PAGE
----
Promoting your software (part 1)

peacockPromotion is an essential part of successful software – hearing about something is an essential first step to trying it. Without promotion your software is the proverbial tree falling in the forest with no-one to hear it. In this series of articles I am going to talk about some of the ways you can promote your software, and the pros and cons of each. I will also discuss how effective these various methods have been for my own £20/$35 seating planner software. Obviously this is only one data point and may not be very relevant if you are selling to a completely different market.

1. Search engine
I use ‘search engine’ in the singular deliberately, because Google is pretty much the only game in town at present. Some 80% of the search engine traffic to my site (not including paid ads) is from Google.

A constant stream of targeted prospects for free is (or should be) every marketer’s dream. All you need to do is get onto that first page of Google for your key search terms. Except that everyone else is trying to do the same and nobody really knows how Google ranks pages (except Google). SEO (search engine optimisation) is a whole separate topic. For now it suffices to say:

  • Google seems to penalise new sites, so get that domain up and registered with Google ASAP
  • the key to achieving a good ranking is to provide lots of relevant content
  • ‘black hat’ techniques may get you penalised or even banned
  • don’t believe anyone who guarantees they can get you onto the first page for a fee

Pros: Can provide large amounts of highly targeted traffic for free.

Cons: There are no guarantees on where you will end up ranked or how much traffic you will get and it can take quite a while to achieve reasonable volumes of traffic. Even if you are doing very nicely that could change next time Google change their algorithm.

Data point: PerfectTablePlan ranks pretty highly for most of the key search terms, but it is a highly focused application in quite a small niche. It took the best part of a year to start getting a reasonable amount of search engine traffic.

2. Pay per click ads
Pay per click ads are the stroke of genius that have made the founders of Google rich beyond the dreams of avarice. Again Google is nearly the only game in town, with Yahoo and Microsoft struggling to get any traction.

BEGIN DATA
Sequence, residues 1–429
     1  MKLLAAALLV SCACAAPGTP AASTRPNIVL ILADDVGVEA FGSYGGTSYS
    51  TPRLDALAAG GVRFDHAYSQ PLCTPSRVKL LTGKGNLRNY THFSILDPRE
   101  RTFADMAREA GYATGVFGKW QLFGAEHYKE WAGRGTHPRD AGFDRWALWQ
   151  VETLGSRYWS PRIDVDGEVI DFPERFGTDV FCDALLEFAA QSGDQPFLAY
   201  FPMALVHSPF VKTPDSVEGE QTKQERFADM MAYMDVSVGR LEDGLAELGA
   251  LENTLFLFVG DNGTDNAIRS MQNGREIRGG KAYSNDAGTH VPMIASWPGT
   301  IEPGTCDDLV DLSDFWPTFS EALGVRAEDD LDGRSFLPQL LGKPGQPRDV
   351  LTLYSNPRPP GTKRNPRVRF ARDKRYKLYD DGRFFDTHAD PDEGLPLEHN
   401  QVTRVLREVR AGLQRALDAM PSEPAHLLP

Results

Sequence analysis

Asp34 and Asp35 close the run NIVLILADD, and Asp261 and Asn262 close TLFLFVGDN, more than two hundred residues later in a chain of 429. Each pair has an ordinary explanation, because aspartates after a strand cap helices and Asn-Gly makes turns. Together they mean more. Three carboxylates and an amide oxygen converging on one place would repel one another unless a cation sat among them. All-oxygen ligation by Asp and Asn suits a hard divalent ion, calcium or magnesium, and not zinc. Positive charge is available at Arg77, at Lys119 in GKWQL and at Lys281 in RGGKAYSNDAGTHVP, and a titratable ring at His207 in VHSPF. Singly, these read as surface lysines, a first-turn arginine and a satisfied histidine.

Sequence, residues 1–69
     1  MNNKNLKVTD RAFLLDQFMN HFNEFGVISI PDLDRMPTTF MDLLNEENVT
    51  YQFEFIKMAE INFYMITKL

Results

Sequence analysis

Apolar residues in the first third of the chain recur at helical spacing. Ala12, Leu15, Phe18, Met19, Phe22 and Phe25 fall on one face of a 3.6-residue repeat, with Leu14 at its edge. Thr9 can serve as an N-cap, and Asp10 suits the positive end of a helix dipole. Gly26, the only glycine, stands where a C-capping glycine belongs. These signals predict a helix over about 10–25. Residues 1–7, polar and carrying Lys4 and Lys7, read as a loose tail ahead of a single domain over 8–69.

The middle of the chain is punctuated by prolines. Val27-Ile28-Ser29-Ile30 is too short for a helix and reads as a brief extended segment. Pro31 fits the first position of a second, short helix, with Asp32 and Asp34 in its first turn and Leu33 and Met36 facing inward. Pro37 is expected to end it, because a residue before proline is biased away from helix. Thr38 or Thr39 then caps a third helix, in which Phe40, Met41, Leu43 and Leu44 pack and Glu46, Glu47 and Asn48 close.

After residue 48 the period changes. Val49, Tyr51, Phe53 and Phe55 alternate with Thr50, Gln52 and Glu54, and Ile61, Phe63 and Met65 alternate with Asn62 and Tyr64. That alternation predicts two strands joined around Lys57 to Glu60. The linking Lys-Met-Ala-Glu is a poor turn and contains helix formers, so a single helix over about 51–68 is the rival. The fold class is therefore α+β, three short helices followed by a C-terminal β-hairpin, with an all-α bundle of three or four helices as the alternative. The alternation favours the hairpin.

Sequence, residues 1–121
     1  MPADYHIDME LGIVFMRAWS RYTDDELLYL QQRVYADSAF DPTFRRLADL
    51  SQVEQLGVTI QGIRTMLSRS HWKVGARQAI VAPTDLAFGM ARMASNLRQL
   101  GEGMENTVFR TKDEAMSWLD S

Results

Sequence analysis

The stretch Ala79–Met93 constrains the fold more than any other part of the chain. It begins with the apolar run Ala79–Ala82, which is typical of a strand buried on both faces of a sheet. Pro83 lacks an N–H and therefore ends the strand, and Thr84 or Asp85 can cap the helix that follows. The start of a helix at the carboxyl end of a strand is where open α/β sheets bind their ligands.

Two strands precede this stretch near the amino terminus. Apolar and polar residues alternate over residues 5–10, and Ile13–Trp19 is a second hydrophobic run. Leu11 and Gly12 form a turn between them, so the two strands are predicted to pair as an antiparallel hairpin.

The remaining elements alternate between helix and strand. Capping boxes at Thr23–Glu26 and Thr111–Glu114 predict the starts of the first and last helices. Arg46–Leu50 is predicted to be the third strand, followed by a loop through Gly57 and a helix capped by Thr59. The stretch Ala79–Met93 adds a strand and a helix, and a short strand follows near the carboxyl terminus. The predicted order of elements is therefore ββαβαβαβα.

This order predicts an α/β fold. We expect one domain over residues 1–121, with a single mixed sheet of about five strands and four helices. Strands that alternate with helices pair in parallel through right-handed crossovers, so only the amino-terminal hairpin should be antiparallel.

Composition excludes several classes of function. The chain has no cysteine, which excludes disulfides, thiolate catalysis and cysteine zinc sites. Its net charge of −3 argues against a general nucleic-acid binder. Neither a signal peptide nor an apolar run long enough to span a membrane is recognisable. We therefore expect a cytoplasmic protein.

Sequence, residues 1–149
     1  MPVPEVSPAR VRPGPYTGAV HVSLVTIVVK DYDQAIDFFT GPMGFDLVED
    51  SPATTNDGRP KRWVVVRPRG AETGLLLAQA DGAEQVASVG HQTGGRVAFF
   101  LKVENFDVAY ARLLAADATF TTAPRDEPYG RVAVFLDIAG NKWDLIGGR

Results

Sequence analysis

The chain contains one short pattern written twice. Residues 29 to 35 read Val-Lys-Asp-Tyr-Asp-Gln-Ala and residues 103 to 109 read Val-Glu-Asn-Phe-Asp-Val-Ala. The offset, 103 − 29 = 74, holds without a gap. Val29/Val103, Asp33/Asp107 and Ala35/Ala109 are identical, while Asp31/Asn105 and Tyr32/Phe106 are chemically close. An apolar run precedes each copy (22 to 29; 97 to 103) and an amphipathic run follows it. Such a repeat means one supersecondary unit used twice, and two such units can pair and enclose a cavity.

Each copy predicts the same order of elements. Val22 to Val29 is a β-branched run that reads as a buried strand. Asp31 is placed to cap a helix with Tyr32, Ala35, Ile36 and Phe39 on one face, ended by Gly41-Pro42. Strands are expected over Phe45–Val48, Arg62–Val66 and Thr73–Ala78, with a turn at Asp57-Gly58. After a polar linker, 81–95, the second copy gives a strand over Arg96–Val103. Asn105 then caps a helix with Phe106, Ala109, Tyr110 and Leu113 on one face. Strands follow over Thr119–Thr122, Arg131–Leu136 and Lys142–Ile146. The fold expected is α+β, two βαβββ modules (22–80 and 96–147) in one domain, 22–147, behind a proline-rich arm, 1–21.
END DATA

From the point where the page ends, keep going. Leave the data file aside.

Pros: A very flexible and fast way to get targeted traffic. You can also get an incredible amount of feedback on what customers respond to. This is marketing gold-dust and can really help you with SEO and copywriting.

Cons: Google Adwords has quite a steep learning curve and requires constant tinkering to keep profitable. If you aren’t careful you can lose a lot of money quite quickly. Google also seems to be continually increasing minimum bid values in an attempt to squeeze more money out of advertisers. Click fraud looms large.

Data point: I tried Yahoo Overture (as it was called then) but I found the user interface painful and I lost money. Consequently I dropped Overture and concentrated my efforts on Google Adwords. Google Adwords was a very significant source of revenue in my first year, but the percentage has fallen as my unpaid search results have improved. Absolute numbers of conversion have also fallen somewhat as the market and Google force up the price of clicks. I don’t know how many hours I have spent fiddling with my Google Adwords campaign. A lot.

3. Banner ads
Banner ads are the large image ads, often animated and usually placed prominently at the tops of web pages. They are generally used to promote brands, rather than selling a particular product.

Pros: If placed on popular websites they can get seen by a lot of people. More eye catching than a text ad.

Cons: When is the last time you clicked on a banner ad? You usually have to pay even if no-one clicks your ad.